Ultimate Balance: The Guiding Nutritional Principles of Traditional Chinese Medicine
Traditional Chinese Medicine, in its most basic sense, posits that a vital energy, called qi, must flow freely throughout the body in order to prevent disease. An imbalance or obstruction of qi—and, by extension, illness—is thought to be indicative of asymmetry between one’s yin and yang, the two opposing yet interconnected forces that make up the qi. TCM treatments seek to restore its flow, which occurs through energy pathways known as meridians, through targeted treatments that harmonize the individual’s internal organs with the five natural elements of wood, fire, earth, metal, and water, from which all phenomena derive.
To help bring someone’s qi into ultimate balance, a Traditional Chinese Medicine practitioner may recommend, in addition to the modalities mentioned in the first paragraph, acupressure, moxibustion,tui na massage, meditation, qigong exercises, or, perhaps most important of all, a nutritional consultation. In TCM, foods are categorized into five natures, or siqi—cold, cool, neutral, warm, and hot—which refer not to foods’ temperatures, but to the unique effects they exert on the mind, body, and spirit. (“Warm” ginger and chilies raise body temperature, for example, whereas “cool” leafy greens and cheese lower it.) TCM also identifies five distinct food tastes, or wuwei—sour, bitter, sweet, spicy, and salty—each of which send nutrients to specific organ systems. It is paramount, then, that one’s diet maintains an equilibrium of these temperatures and tastes.
Laroot’s holistic approach to meal planning comprises the millennia of nutritional wisdom held by Traditional Chinese Medicine. Our TCM advisor, Naria Diaz Chi, a diplomate in acupuncture and Chinese herbal medicine who is accredited by the National Commission on Certification for Acupuncture and Oriental Medicine (NCCAOM), guides our founder and culinary director in developing recipes that contain health-enhancing balances of flavors, colors, temperatures, and seasonal produce. Of our Ukrainian borscht, for instance, Naria says that red beetroot nourishes the blood and calms the heart, while bone broth strengthens the stomach and tendons. And of our TCM Soup—a mushroom-laden ode to ancient Chinese nutrition—she says that scallions detoxify, lily bulbs aid in lung health, and yams improve digestion.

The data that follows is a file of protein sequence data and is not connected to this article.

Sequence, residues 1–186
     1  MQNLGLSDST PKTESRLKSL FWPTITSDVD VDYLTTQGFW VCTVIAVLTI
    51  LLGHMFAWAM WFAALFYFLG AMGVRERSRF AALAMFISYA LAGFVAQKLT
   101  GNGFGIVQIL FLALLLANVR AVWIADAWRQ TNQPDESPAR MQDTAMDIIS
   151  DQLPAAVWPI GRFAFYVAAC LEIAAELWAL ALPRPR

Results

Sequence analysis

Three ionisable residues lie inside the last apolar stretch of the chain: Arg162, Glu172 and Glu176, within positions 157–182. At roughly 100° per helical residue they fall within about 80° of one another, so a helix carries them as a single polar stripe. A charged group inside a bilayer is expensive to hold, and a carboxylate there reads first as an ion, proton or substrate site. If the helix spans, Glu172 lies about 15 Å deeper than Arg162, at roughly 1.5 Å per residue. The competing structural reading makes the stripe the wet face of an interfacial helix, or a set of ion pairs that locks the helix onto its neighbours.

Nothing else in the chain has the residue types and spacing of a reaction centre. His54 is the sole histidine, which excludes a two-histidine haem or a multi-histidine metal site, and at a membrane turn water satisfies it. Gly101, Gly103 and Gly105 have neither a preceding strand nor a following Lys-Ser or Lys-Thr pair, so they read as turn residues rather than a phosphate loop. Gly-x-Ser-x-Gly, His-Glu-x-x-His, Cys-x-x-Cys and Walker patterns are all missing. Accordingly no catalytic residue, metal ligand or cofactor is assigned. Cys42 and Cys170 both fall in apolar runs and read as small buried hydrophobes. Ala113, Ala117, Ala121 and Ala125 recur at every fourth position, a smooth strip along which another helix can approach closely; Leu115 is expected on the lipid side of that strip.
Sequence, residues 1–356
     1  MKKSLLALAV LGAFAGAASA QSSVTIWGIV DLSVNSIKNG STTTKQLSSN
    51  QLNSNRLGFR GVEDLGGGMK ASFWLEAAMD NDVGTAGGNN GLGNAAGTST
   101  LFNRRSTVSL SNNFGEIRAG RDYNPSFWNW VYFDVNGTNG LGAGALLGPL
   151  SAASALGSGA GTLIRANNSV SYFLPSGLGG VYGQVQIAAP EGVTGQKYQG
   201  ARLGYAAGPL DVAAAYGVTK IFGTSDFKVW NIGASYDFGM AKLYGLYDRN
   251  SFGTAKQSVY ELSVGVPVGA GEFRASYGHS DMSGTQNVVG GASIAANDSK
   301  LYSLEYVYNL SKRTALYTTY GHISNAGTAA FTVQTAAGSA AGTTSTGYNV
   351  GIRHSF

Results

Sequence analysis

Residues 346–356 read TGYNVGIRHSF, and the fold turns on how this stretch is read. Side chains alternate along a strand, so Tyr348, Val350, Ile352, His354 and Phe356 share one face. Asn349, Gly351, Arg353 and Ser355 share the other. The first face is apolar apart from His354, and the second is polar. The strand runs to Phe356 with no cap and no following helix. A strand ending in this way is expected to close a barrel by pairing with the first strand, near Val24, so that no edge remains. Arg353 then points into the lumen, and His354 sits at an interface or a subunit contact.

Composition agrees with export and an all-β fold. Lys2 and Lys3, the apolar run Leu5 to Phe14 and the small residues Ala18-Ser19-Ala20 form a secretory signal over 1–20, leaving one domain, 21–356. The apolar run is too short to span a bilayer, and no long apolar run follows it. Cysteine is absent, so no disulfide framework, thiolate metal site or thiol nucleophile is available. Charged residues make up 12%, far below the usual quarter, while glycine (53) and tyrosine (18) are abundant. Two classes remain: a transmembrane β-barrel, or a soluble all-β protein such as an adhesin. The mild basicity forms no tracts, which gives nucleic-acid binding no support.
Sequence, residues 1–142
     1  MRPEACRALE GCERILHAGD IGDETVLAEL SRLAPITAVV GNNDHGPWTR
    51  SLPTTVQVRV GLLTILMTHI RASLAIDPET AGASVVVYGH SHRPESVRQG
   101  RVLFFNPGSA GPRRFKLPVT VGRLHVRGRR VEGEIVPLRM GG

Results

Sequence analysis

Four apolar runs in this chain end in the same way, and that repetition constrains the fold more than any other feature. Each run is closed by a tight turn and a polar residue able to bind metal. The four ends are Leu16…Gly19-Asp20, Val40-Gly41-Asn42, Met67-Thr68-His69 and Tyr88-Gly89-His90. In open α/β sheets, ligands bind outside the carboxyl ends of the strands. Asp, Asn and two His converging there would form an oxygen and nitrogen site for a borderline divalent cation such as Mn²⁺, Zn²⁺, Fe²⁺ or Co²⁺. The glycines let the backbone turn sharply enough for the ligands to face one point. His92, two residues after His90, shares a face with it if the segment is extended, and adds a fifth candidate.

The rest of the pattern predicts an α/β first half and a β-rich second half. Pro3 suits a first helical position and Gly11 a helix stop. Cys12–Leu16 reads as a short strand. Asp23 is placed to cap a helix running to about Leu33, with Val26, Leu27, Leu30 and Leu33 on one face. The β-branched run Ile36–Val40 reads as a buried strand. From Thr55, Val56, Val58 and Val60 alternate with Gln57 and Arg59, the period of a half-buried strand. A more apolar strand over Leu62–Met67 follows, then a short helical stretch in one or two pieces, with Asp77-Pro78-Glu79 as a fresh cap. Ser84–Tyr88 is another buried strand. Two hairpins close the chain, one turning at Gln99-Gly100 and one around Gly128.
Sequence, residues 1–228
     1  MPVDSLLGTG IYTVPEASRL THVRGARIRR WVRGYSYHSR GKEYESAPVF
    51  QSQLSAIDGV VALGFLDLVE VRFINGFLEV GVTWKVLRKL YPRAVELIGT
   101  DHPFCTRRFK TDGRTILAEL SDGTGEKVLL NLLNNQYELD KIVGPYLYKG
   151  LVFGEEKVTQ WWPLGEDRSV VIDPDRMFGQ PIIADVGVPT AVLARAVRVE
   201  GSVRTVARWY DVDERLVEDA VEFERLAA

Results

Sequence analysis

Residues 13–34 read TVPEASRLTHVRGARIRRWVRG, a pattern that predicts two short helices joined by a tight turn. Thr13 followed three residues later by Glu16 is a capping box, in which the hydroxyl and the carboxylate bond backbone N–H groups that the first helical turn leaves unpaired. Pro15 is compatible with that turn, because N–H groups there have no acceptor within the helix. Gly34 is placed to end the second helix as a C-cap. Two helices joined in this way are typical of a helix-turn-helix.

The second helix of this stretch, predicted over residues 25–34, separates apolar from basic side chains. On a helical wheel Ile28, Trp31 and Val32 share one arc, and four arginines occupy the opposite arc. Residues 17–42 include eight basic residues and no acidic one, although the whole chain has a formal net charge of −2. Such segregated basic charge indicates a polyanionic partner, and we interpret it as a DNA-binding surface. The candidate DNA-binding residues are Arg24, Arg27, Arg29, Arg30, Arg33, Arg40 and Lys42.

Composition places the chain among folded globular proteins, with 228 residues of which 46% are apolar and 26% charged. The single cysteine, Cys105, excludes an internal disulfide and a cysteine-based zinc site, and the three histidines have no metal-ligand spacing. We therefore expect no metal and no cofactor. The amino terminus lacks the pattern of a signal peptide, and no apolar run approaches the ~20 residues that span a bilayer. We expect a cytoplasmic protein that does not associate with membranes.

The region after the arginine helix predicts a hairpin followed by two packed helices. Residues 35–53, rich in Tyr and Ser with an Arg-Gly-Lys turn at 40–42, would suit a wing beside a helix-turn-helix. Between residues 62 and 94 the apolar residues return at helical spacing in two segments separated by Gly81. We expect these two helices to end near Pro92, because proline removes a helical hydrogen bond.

Stay tuned to Laroot’s dish descriptions and social media as we gradually reveal Naria’s complete nutritional analyses of our ancestral recipes. Whether you’re interested in trying Traditional Chinese Medicine or not, we encourage you, going forward, to at least consider its tenet of striking a consistent alimentary balance of local food sources—a tenet shared, to varying degrees, by virtually all other healing sciences.